Please use this identifier to cite or link to this item: https://ahro.austin.org.au/austinjspui/handle/1/10363
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dc.contributor.authorBellomo, Rinaldoen
dc.contributor.authorBagshaw, Sean Men
dc.contributor.authorLangenberg, Christophen
dc.contributor.authorRonco, Claudioen
dc.date.accessioned2015-05-15T23:47:32Z-
dc.date.available2015-05-15T23:47:32Z-
dc.date.issued2007en
dc.identifier.citationContributions To Nephrology; 156(): 1-9en
dc.identifier.govdoc17464109en
dc.identifier.otherPUBMEDen
dc.identifier.urihttp://ahro.austin.org.au/austinjspui/handle/1/10363en
dc.description.abstractThe term pre-renal azotemia (or on occasion 'pre-renal renal failure') is frequently used in textbooks and in the literature to indicate an acute syndrome characterized by the presence of an increase in the blood concentration of nitrogen waste products (urea and creatinine). This syndrome is assumed to be due to loss of glomerular filtration rate but is not considered to be associated with histopathological renal injury. Thus, the term is used to differentiate 'functional' from 'structural' acute kidney injury (AKI) where structural renal injury is taken to indicate the presence of so-called acute tubular necrosis (ATN). This paradigm is well entrenched in nephrology and medicine. However, growing evidence from experimental animal models, systematic analysis of the human and experimental literature shows that this paradigm is not sustained by sufficient evidence when applied to the syndrome of septic AKI, especially in critically ill patients. In such patients, several assumptions associated with the 'pre-renal azotemia paradigm' are violated. In particular, there is no evidence that ATN is the histopathological substrate of septic AKI, there is no evidence that urine tests can discriminate 'functional' from 'structural' AKI, there is no evidence that any proposed differentiation leads or should lead to different treatments, and there is no evidence that relevant experimentation can resolve these uncertainties. Given that septic AKI of critical illness now accounts for close to 50% of cases of severe AKI in developed countries, these observations call into question the validity and usefulness of the 'pre-renal azotemia paradigm' in AKI in general.en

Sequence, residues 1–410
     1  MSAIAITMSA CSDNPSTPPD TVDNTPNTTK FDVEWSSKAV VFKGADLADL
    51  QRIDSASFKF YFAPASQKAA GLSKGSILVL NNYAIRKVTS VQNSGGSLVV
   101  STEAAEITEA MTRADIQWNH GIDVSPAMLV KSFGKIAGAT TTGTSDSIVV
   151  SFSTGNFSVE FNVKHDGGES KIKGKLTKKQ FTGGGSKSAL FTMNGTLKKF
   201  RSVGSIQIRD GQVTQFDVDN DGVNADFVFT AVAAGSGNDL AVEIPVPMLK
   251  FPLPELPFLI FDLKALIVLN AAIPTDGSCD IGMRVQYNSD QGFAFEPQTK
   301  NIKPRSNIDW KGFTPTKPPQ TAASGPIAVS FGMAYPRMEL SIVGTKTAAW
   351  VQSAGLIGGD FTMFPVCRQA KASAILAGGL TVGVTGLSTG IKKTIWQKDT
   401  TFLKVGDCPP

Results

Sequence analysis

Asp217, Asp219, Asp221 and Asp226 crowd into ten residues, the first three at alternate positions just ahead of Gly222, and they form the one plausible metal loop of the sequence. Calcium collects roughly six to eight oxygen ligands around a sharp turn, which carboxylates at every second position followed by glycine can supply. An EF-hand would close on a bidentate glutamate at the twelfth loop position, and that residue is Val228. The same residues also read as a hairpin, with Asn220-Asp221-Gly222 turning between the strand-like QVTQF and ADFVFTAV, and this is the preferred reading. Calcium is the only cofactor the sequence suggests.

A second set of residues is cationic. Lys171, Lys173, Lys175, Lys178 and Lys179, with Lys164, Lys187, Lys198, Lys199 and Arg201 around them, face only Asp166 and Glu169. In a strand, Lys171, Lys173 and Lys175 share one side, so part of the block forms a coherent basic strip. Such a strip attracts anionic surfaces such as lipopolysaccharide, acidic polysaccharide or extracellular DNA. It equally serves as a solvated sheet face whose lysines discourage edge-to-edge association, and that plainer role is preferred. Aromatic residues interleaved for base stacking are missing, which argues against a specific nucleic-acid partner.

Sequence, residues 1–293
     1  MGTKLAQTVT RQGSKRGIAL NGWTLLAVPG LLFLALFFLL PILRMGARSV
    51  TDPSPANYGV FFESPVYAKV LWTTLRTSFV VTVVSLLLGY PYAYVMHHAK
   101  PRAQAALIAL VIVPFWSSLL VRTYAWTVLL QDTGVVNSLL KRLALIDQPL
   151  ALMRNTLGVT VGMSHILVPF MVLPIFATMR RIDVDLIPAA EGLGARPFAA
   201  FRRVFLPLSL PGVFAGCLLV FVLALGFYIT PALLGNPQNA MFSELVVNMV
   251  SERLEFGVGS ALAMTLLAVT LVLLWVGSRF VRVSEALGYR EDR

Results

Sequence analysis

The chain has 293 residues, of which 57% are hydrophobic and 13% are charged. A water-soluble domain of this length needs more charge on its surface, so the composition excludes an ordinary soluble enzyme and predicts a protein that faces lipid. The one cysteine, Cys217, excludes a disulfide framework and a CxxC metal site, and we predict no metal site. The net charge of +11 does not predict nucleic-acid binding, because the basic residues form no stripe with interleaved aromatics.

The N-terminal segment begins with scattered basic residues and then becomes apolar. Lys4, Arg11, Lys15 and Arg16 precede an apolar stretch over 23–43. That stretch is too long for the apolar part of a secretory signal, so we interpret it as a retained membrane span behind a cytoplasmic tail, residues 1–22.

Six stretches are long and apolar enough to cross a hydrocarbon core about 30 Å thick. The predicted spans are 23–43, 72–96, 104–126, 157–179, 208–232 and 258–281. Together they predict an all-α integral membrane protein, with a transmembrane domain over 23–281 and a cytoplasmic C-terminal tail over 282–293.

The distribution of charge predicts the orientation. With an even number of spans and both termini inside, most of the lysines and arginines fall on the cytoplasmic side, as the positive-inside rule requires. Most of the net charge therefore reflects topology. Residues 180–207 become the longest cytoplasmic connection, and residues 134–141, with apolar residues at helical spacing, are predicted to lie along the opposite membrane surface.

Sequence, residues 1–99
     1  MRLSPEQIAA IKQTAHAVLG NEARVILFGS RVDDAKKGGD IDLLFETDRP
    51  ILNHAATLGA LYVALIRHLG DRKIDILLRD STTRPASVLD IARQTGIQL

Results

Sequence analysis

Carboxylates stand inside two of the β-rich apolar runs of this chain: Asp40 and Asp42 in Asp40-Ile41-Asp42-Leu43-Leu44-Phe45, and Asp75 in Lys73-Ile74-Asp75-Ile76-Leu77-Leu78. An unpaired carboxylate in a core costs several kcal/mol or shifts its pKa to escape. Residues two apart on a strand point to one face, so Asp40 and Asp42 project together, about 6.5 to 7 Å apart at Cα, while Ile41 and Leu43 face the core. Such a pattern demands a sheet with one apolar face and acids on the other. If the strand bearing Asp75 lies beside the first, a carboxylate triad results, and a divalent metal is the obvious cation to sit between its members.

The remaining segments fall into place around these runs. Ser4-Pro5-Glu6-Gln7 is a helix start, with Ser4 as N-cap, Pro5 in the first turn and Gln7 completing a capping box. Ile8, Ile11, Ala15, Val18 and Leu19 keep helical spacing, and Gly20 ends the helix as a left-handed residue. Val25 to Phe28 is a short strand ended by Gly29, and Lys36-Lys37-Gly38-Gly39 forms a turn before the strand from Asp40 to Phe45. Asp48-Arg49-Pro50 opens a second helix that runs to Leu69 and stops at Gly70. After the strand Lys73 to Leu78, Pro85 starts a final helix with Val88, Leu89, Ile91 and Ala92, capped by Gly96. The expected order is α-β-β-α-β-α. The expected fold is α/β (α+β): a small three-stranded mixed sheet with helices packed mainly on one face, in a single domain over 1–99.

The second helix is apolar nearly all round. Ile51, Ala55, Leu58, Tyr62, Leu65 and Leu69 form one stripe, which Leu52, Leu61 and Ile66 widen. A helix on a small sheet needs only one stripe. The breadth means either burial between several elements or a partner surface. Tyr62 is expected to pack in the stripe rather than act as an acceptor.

dc.language.isoenen
dc.subject.otherAcute Kidney Injury.etiology.pathology.therapyen
dc.subject.otherAzotemia.etiology.pathology.therapyen
dc.subject.otherCritical Illnessen
dc.subject.otherGlomerular Filtration Rateen
dc.subject.otherHumansen
dc.subject.otherKidney Glomerulus.pathology.physiopathologyen
dc.subject.otherKidney Tubular Necrosis, Acute.complications.diagnosis.pathologyen
dc.subject.otherModels, Biologicalen
dc.subject.otherPrognosisen
dc.subject.otherSepsis.complications.diagnosis.pathologyen
dc.subject.otherSyndromeen
dc.titlePre-renal azotemia: a flawed paradigm in critically ill septic patients?en
dc.typeJournal Articleen
dc.identifier.journaltitleContributions to nephrologyen
dc.identifier.affiliationDepartment of Intensive Care, Austin Hospital, Melbourne, Victoria, Australiaen
dc.identifier.doi10.1159/0000102008en
dc.description.pages1-9en
dc.relation.urlhttps://pubmed.ncbi.nlm.nih.gov/17464109en
dc.type.austinJournal Articleen
item.grantfulltextnone-
item.cerifentitytypePublications-
item.fulltextNo Fulltext-
item.openairetypeJournal Article-
item.openairecristypehttp://purl.org/coar/resource_type/c_18cf-
item.languageiso639-1en-
crisitem.author.deptIntensive Care-
crisitem.author.deptData Analytics Research and Evaluation (DARE) Centre-
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